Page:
Under Project Ireland 2040, €550 million has been allocated up to 2022 for urban regeneration and development fund, URDF, applications. Newcastle is an area in Galway city with more than 6,000 residents and no community facilities. Under the chairmanship of Seamus Davey, the Newcastle Combined Community Association has submitted an application for funding towards the community centre and community facilities. The community has invested more than €200,000 in this project, which is shovel ready and crucially important. The project has the unanimous backing of all Galway West Oireachtas Members and Galway City Council. Will the Taoiseach contact his colleague the Minister, Deputy O'Brien, to ensure this project can come to fruition and offer his support for this facility, which is much needed in this part of our city?
I thank the Deputy for raising the issue of the funding application from the Newcastle Combined Community Association, given the enormous community it serves and the level of investment that has been put into the facility. I will engage with the Minister, Deputy O'Brien, on the points the Deputy raised in the context of the URDF. A number of frameworks support communities and this should be looked at in the context of one of them.
The bank bailout has to date cost taxpayers €60 billion including interest. The Government has dissolved the bank levy, of which the banks have paid only €1.2 billion. What is happening with Bank of Ireland? Three branches in County Tipperary, in Cahir, Cashel and Templemore, are closing. All over the country, banks are exiting rural Ireland. EBS are leaving Tipperary town and we have seen what is happening with Ulster Bank. When is the Government going to get real? We have a 14% share in Bank of Ireland. Exercise that.
I too heard the Minister this morning, with his feeble words and little tickling, as it were, of what is going on in Davy and elsewhere. The Government is not supporting taxpayers; it is supporting the banks and is in bed with them. It is allowing these closures and the abandonment of rural Ireland to go on week in, week out, and multiple further closures will be coming because the banks get away with it and are not touched by the Government. Why has the Government abolished the banking levy?
The announcement yesterday by Bank of Ireland to close 103 branches throughout the country is a devastating blow to communities that are reeling after many years of cuts by this Government and previous governments to post offices and Garda stations, and this is another damning blow. It is going to suck the life out of the centre of these rural villages. We as taxpayers pump in €4.7 billion to Bank of Ireland. We are major shareholders, at 14%, yet in my constituency of Wicklow, the branches in Tinahely, Carnew and Rathdrum are going to close. As a major shareholder, what is the Government going to do to stand up and protect rural communities, which it has abandoned up to this point?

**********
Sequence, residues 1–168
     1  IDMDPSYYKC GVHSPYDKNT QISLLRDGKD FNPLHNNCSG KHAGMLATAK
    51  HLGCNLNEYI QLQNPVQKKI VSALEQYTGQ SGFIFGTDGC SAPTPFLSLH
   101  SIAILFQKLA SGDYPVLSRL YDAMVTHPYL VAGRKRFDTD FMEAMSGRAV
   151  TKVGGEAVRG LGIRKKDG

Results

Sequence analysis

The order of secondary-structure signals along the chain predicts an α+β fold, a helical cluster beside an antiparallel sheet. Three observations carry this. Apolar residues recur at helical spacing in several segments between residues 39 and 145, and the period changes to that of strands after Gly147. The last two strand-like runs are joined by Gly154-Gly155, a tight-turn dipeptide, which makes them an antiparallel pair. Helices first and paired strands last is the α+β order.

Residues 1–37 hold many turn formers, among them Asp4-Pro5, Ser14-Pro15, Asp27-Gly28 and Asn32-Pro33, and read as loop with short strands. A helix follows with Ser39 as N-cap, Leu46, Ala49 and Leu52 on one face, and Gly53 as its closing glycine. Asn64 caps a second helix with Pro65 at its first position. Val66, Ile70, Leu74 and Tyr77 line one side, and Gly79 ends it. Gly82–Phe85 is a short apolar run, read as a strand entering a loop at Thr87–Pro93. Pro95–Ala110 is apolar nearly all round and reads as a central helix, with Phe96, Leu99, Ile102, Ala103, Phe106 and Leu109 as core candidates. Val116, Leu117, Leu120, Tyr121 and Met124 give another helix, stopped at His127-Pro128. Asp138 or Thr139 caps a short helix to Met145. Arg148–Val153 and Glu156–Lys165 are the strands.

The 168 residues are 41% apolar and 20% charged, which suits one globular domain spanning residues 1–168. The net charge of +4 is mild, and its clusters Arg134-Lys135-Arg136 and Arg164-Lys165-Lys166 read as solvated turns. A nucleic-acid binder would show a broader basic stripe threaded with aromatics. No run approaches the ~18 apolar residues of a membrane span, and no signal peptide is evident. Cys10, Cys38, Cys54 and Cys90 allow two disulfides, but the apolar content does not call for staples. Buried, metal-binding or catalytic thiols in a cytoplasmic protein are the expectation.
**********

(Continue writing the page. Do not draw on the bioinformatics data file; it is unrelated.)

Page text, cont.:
On behalf of the people of Kerry, I raise the way in which Bank of Ireland has treated the people of Castleisland, Killorglin and Tralee, where there is a branch at the institute of technology. These are hard-working customers, people who have been the cornerstone of the banks in those areas, and now they are being abandoned. It is wrong and unfair. The Government should be hauling the banks before it and saying they cannot treat their customers in this way. The next thing will be AIB and all the other banks - we have seen what is happening with Ulster Bank - pulling out and leaving their customers high and dry.
The decision of Bank of Ireland to close 103 of its branches, two of them in Bantry and Dunmanway in my constituency, is a grave error of judgment by the bank. The price that will be paid for this is a weakening of customer loyalty to the bank, and a loss of knowledge to the bank of its individual customers' needs and the unique needs of the communities it serves. Over many years, the Bank of Ireland branches in Bantry and Dunmanway have gained an insightful and valuable profile of these loyal customers. and this healthy symbiotic relationship has thrived to the benefit of both.
Will the Taoiseach step in and force a change of mindset? The Government is the main shareholder in these banks and can intervene if it wants to. It intervened recently in regard to mortgage relief for people.
This issue has been raised in respect of Tipperary. Cahir, Cashel and Templemore are three of the places that will lose out. Templemore will now have no bank and we got word this morning that EBS is pulling out of Tipperary town. The programme for Government makes a big thing out of the rebuilding of rural Ireland. Since the Government took power, it has been destroying rural Ireland. It is time the Taoiseach and the Minister, Deputy Donohoe, intervened here so that local and small businesses will have someone who supports them. EBS pulling out of Tipperary town means that customers of that bank will have to go to Mitchelstown, Nenagh or Clonmel. Where does it stop? We ask that the Taoiseach and the Minister intervene in the closure of these banks.